I recently posted the first in what was to be six posts detailing the notes from the recent Scott Devine seminar here at Devine Jiu Jitsu Charleston. In the first post, the focus was on the Americana or key lock. For today, I want to go over Scott's details on the kimura. As always, keep in mind that these notes are a work in progress:
Technique One (Basic Kimura from Cross Side):
- Secure grip when O tries to go for underhook (thumb out grip for both)
- Key detail: Make a "short angle" with O's arm--that is, don't leave it extended out. Instead, pull O's grip close to his side so his arm forms 90 degree angle at least).
- Shift hips and baseball slide through so your trailing backside hip is connected to O's body.
- Switch elbows and step over O's head. Be active with the hook on O's head. Don't just passively place it there, rather use it to pull O's head towards you.
- This last detail is crucial: If you don't elevate your O's farside shoulder off the ground, there is nowhere for the submission to go. By pulling O's shoulder off the ground and using the hook on his head to elevate him and keep him in place, you make room for the submission to work.
- Rotate O's wrist towards his head. Remember this is a shoulder lock. The pressure should be on O's shoulder. You are not just trying to push O's hand up his back.
Technique Two (Modified Kimura from Cross Side):
- Once again try set up from Technique One when O tries to underhook.
- This time, O is savvy and tries to straighten his arm. As a result, you can't get your own wrist on wrist position.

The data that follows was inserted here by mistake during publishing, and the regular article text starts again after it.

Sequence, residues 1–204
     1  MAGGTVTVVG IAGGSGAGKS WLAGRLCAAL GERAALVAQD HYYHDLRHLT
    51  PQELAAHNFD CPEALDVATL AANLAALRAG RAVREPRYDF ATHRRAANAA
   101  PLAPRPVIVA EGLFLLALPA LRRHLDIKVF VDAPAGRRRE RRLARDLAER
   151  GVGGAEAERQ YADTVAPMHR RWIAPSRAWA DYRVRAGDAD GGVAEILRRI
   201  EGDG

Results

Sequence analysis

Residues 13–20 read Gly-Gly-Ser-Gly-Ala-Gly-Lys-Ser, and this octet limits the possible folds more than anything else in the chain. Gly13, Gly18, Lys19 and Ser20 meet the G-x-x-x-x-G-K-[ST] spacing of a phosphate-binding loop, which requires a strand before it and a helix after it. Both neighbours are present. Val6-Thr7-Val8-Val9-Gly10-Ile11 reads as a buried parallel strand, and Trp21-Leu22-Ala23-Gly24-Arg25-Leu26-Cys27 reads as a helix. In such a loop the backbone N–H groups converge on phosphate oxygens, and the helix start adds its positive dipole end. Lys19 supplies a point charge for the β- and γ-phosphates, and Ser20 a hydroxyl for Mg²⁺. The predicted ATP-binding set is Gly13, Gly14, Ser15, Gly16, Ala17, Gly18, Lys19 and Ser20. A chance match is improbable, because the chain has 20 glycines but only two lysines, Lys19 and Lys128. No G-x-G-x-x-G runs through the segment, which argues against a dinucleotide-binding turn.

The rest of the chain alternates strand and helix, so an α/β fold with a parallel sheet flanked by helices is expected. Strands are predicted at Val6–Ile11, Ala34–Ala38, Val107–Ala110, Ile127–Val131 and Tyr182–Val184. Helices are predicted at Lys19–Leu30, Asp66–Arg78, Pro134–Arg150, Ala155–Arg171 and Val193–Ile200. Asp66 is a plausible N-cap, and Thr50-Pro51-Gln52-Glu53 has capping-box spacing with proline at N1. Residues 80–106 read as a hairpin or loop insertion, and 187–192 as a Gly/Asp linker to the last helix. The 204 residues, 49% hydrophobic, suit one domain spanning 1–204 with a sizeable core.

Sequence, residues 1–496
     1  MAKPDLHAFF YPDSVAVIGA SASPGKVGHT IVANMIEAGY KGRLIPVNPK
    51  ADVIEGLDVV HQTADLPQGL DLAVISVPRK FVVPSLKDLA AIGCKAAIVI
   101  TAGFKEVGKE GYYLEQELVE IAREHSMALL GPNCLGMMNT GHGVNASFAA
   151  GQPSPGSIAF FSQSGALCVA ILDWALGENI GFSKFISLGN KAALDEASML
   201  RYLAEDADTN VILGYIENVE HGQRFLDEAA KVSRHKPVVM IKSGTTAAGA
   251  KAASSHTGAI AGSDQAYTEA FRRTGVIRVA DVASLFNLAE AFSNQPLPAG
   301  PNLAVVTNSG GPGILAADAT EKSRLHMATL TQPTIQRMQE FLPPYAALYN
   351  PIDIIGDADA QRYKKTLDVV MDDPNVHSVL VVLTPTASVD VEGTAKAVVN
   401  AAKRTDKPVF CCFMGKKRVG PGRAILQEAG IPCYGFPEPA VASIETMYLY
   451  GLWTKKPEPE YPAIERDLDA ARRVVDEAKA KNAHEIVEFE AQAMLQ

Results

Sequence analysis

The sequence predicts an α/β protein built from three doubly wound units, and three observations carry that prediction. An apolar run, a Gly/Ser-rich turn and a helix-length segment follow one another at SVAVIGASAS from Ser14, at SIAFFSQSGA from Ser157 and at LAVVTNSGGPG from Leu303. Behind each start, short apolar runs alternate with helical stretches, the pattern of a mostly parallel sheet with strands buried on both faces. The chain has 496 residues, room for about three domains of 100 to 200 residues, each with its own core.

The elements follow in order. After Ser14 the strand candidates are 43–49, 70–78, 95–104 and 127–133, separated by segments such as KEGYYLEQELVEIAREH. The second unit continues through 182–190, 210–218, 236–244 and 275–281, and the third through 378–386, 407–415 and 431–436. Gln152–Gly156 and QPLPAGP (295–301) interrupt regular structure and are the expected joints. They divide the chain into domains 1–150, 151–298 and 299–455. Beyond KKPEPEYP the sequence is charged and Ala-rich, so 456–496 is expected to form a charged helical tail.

- In one motion, get chest to chest with O and step over his head and place your frontside knee on farside. At this point, you will pinch your O's head between your legs while both of your knees are on the ground.
- Pull up on O's arm to maximize torque and twist your body for the submission.
Technique Three (Modified Kimura Two from Cross Side):
- You can start this technique from the "head pinch" position of Technique Two. The problem with this is that it limits your range of motion when you try to rotate your upper body.
- A common way of addressing this issue is to plant your farside foot close to your O's body which opens up your range of motion. You have to keep your posted leg close to your O's body or he will get his shoulder back to the ground (see Technique One).
- However, this creates it's own problem as it allows your O to try to scoot out the back door because you no longer have his head pinched between your thighs.
- Rotate your hips back to the nearside while at the same time throwing your backside elbow over your O's body. Here again, be active when it comes to manipulating your O's head with your frontside leg/foot. You want to pull his head to you while sitting in "the pocket" with your hip and backside leg.
OK, that's it for now. There are still tons of techniques to write up and share. It's going to take a while before I get them all written up owing to my surgery. But slowly but surely I will get caught up. Next up: Lots of nasty techniques from kesa gatame. So, stay tuned!